After a rough weekend at the plate against Auburn, the Tigers came out and made a statement early against Lamar. By the end of it, Mainieri had put so many backups in the game that we ended up with the always elusive RBI from a pitcher.
It was that kind of game. But it's nice to get these tuneups in between SEC foes, especially since it allows the staff to experiment, which can lead to a breakthrough for seldom used players.
Bouman got the start and put together his longest outing of the season in five innings. He managed to keep things down in the zone for the most part, and when he didn't, he gave up a solo home run in the fifth. Having a sizable lead going into the second may have contributed to his steady approach the rest of the way, but he clearly has his eye on securing a fourth or fifth starter position before tournament play. His final line showed thee strike outs, no walks, three hits and an earned run. Good enough for the "W."
Norman and Godfrey would each follow up with full innings of work. Godfrey was especially impressive, not just because he put the side down in order with two Ks, but because of the velocity when he did it. He's struggled a bit this season, but hitting his spots consistently at 92-94 may earn him an early position coming out of the pen.
Devall, Strall, May, and Cartwright would each pitch partial innings the rest of the way. With only the last out to end the game, Cartwright gave up a double to put a man in scoring position, and Beau Jordan committed an error on the next at bat to give Lamar their second and final run of the game.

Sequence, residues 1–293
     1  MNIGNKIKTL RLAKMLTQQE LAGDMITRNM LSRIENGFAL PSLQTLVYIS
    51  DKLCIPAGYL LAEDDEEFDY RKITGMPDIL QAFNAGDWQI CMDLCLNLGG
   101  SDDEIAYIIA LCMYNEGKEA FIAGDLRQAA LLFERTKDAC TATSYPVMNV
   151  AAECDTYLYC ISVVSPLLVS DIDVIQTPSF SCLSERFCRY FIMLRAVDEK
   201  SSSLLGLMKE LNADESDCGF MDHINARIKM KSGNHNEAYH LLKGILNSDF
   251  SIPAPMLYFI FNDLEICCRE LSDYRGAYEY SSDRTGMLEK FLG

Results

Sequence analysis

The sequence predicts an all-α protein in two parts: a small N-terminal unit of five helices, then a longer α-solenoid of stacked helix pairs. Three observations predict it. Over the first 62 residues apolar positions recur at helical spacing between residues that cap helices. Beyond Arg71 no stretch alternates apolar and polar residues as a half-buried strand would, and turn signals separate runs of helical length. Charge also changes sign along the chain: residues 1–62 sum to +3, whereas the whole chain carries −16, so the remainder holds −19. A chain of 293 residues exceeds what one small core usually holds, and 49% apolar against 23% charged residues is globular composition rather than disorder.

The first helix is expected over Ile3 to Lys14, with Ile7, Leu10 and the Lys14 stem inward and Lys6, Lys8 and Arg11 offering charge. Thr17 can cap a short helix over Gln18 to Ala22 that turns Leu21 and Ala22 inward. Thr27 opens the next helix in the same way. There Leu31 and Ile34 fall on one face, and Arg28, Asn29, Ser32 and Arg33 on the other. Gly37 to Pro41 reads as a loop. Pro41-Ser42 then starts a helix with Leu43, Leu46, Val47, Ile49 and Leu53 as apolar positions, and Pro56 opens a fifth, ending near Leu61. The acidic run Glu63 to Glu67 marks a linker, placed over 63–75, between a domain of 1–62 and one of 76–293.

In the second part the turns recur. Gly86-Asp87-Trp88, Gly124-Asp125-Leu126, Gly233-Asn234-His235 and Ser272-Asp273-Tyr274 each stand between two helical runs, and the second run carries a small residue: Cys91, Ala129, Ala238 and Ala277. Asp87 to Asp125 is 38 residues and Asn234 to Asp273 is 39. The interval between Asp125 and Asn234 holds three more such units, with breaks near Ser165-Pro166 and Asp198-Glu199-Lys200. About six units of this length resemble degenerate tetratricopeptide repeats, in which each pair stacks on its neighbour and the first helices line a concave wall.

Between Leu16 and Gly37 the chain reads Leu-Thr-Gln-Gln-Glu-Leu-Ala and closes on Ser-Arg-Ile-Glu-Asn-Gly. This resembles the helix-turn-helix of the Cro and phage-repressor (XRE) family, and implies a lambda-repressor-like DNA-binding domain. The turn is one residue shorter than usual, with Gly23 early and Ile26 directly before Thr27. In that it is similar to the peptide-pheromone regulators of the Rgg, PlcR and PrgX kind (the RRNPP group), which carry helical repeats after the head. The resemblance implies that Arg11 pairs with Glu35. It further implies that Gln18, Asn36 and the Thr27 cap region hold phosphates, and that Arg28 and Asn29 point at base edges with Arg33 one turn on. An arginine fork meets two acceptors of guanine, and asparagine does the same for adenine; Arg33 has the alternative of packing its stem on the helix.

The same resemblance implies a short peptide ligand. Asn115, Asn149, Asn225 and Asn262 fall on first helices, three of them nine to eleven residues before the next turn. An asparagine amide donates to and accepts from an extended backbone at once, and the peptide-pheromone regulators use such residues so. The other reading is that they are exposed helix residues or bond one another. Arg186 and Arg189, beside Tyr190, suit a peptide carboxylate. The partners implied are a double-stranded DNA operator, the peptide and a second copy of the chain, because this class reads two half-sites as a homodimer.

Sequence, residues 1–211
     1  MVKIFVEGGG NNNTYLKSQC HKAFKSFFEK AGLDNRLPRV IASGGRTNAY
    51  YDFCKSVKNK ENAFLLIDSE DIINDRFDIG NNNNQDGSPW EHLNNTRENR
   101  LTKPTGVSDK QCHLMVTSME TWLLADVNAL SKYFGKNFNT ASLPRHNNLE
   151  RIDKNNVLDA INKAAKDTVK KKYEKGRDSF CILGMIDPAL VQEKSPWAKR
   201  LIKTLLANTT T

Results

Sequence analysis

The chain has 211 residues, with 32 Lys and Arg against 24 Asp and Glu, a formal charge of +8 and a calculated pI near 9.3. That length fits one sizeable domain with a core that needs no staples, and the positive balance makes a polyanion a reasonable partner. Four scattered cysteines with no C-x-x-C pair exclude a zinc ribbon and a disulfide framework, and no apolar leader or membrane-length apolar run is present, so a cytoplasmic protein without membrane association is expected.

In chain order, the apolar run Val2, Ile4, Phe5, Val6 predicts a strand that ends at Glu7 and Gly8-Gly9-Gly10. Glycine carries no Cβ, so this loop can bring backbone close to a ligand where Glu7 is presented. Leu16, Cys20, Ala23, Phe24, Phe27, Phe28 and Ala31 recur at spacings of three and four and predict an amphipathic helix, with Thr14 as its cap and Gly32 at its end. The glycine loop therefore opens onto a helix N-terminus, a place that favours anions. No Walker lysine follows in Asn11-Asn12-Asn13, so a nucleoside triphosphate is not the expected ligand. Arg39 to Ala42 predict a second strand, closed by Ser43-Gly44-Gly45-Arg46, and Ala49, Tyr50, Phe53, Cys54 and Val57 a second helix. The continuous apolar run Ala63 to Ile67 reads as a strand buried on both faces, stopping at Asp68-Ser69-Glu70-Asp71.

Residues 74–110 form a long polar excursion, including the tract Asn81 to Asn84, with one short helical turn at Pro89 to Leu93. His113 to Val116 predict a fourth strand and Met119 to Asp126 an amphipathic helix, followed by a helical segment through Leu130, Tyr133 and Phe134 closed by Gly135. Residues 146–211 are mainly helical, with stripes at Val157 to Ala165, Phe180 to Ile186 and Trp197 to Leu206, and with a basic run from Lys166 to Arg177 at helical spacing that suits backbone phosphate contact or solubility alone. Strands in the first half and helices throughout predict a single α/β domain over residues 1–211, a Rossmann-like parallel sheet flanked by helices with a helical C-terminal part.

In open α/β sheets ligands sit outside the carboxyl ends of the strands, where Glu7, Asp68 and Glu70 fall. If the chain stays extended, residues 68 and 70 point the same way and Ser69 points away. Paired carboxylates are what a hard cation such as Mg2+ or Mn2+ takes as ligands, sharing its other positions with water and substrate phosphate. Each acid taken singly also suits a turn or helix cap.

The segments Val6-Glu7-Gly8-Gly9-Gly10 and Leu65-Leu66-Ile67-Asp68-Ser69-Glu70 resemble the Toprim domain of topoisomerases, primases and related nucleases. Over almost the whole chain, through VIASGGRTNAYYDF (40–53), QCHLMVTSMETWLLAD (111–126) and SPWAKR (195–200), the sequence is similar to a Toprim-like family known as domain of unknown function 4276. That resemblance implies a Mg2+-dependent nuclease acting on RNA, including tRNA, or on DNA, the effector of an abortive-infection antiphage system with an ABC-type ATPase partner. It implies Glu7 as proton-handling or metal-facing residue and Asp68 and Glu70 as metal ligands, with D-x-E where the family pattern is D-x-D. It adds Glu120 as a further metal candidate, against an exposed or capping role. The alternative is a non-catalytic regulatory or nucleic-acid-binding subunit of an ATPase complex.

It was one of those points in the first inning where you wonder just how far out-of-hand this game could get. On paper it was only six runs, but it was almost uncanny how easy it was for the Tiger batters to find grass on each subsequent hit. The starter for Lamar, Ben Love, got chased down 4-0 and before earning his first out. For the rest of the game, the Cardinals would cycle through twelve pitchers in total, which was completely worth it to hear how furious it made Jim Hawthorne.
After the first inning, things got a lot more procedural, as the Tigers only put up multiple runs one other time, in the third inning. Stevenson was able to exorcise some mid-season demons and lead the team with three hits and three stolen bases. Bregman would add a solo home run in the second, his eighth of the season, tying him with Jared Foster for the team lead. Chinea would also add a two run blast over the left-center wall in the third.
LSU finished with an efficient eleven runs on thirteen hits, getting blanked in only three innings. By the sixth inning, every position player on the team was in the game. Greg Deichmann earned a pair of walks and added a run despite still searching for his first hit of the season. Pitcher Collin Strall got his first at bat of the season and earned an RBI on a single to left.
Overall, a good rebound from the Auburn series.
The starters tallied up three double plays on the night. Foster would commit an error in the first inning at second base, and from there it was mostly solid until Beau Jordan's ninth inning error contributed a run. A solid game overall, and no real revelations. The grounds crew might want to reevaluate that ramp in front of third base though, or at least show Conner Hale where it is so he can be prepared to jump next time he gets a short hop there.
The Tigers travel to Georgia to face a struggling Bulldogs squad. They are 3-7 in their last ten games, and lost to Kennessaw State last night 2-1. #Pray4Georgia #ButNotThisWeekend
First pitch is 6:00 PM central time on Friday, and all three will be on SEC Network+, so be prepared for questionable production quality from Athens. The forcast for Sunday is looking pretty bleak too, so don't be surprised if we end up with a double header Saturday.